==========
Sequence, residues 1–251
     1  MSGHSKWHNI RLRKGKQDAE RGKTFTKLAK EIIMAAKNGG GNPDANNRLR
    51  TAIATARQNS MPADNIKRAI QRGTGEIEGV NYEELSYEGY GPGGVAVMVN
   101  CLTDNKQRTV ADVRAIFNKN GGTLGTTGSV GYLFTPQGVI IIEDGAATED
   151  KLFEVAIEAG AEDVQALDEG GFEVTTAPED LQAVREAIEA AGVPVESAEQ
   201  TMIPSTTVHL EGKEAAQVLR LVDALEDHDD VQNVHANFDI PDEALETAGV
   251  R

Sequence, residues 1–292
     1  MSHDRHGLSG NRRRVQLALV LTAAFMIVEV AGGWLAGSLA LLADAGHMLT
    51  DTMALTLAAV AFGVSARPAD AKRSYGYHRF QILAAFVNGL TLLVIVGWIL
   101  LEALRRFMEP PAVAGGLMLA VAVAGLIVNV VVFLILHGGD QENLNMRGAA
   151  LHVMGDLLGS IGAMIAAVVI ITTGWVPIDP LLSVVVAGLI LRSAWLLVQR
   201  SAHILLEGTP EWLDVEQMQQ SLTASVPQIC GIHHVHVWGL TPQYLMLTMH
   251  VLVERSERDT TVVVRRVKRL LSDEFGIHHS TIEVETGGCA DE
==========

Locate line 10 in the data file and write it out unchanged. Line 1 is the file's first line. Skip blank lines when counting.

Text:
    51  DTMALTLAAV AFGVSARPAD AKRSYGYHRF QILAAFVNGL TLLVIVGWIL